We think that we are weak and powerless. We become within ourselves a weak and powerless person.

We let our ego and pride determine our thoughts. Not a good outcome in sight for that person.

We intentionally focus our thoughts on positive images, noticing the beauty around us, dwelling on our possibilities.

We become positive influencers. We become a person of strength and worth.

And we are now prepared in our hearts to tackle problems we see becoming change agents for a better world.

It begins in our thoughts.What we think about determines what we become.

[for reference, try Proverbs 23:7]

Aware of Ourselves

May 4, 2018

The most common angelic greeting in the Bible? When a human meets the divine, what does the divine say?

“Don’t be afraid.”

Fear sometimes is right there with us. The first emotion upon meeting a stranger in the night in an unfamiliar place. We face an imminent weather event–tornado or hurricane, for example.

Sometimes fear is insidious. It enters quietly, like a thief in the night. We don’t know it’s there.

But fear influences our thoughts. We fear change. We fear the unknown. Worse, we project our fears on other humans who become the personification of those fears.

Fear breeds hate. We grow to hate those other humans–those other children of God.

We don’t even realize it. These evil emotions don’t just greet us like the angels in the Bible do. “Don’t be afraid.” They sneak in and capture the heart and mind.

Awareness brings things to light. So much of the theme of the Apostle John’s writing concerned bringing light into the darkness.

Sometimes in meditation and prayer, we must listen to God expose these thieves who have crept into our life and captured it.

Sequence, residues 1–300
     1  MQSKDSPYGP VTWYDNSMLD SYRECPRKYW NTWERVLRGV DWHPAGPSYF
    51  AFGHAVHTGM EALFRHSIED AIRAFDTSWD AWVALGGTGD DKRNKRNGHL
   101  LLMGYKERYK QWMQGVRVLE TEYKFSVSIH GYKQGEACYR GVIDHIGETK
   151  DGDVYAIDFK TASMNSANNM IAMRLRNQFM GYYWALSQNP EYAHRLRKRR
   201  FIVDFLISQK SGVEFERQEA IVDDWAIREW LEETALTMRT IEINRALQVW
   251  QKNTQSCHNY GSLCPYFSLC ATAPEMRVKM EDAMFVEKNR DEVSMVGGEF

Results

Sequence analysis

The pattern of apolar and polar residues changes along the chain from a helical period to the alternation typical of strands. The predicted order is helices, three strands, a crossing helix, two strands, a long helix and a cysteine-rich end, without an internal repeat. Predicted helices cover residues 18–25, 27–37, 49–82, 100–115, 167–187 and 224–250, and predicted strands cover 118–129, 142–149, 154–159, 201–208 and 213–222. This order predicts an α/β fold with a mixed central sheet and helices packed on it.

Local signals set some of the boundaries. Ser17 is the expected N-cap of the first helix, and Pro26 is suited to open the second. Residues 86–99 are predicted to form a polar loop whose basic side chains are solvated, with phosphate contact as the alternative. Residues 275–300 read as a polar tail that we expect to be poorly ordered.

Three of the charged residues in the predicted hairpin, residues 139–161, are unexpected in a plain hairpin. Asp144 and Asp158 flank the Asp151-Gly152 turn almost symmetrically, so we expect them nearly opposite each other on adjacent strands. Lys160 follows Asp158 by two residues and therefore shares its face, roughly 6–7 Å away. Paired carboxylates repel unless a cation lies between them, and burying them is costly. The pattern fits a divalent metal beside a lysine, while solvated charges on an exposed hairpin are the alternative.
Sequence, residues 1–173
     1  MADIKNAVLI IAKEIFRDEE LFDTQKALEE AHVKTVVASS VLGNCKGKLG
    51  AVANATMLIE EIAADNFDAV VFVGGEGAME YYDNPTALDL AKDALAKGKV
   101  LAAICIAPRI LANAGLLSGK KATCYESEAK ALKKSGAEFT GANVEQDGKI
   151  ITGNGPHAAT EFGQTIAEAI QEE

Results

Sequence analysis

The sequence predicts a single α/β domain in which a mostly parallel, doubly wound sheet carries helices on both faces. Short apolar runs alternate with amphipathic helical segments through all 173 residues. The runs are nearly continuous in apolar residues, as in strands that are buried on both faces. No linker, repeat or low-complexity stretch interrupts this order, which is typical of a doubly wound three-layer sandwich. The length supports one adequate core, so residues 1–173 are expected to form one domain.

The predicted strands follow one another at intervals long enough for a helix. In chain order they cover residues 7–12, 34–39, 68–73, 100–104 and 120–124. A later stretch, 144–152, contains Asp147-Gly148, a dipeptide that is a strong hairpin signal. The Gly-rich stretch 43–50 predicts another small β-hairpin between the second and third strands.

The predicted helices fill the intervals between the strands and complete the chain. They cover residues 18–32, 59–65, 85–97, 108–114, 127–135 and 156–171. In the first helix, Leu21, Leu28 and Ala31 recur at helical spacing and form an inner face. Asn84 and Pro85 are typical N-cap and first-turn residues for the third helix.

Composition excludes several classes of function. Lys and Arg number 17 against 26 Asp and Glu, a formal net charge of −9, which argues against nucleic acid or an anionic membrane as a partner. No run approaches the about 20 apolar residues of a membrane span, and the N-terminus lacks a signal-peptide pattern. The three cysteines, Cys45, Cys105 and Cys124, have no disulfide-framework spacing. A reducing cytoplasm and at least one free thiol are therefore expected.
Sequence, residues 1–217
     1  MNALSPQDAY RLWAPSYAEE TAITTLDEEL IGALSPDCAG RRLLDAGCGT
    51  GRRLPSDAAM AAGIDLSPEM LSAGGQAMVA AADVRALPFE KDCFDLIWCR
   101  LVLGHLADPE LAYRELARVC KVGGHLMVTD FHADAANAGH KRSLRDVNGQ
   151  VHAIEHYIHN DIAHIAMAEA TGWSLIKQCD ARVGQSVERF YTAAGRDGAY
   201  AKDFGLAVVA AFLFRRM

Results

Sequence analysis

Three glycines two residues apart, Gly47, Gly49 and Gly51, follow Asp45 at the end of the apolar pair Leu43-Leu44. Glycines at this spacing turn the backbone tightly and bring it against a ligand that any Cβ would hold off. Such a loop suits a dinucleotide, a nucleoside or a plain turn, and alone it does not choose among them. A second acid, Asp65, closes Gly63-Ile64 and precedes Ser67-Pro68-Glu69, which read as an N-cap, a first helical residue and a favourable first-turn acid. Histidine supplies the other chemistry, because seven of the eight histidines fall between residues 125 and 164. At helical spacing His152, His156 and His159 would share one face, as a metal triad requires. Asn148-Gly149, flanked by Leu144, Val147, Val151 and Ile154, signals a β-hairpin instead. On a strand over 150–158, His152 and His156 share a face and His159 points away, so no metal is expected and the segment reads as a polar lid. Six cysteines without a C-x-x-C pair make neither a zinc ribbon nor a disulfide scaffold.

Fear and pride–two things that will corrupt your life. Bring the light of the world to shine in those dark and web-infested corners, expose them, and expel them.

The light is called awareness. Pray often that God will expand awareness within us.

From Whom Can We Learn

December 8, 2017

“Have you read that essay that went viral on the Internet about how women can’t be engineers?” someone asked a radio interviewer, who happens to be a woman who earned a Ph.D. in engineering.

“No,” she replied. “I am careful what I fill my mind with. Thoughts can determine attitudes.”

The other day, before I was distracted, I wrote about keeping our eyes wide open this Advent. That’s called awareness.

Do we go through life unaware of the things around us–the good works of some, the grief and misery of others?

The next step is attention. To what or to whom do we pay attention?

Better, from whom can we learn if we but pay attention?

From a professor? Maybe.

From a child? Probably. Consider that a child with few preconceived ideas, observes things from an entirely new perspective. They are curious. Listen. Pay attention. She may rock your world.

From a person with little education? Often, if we pay attention. It’s still a different perspective.

If you are a specialist in one area, listen to those in another area.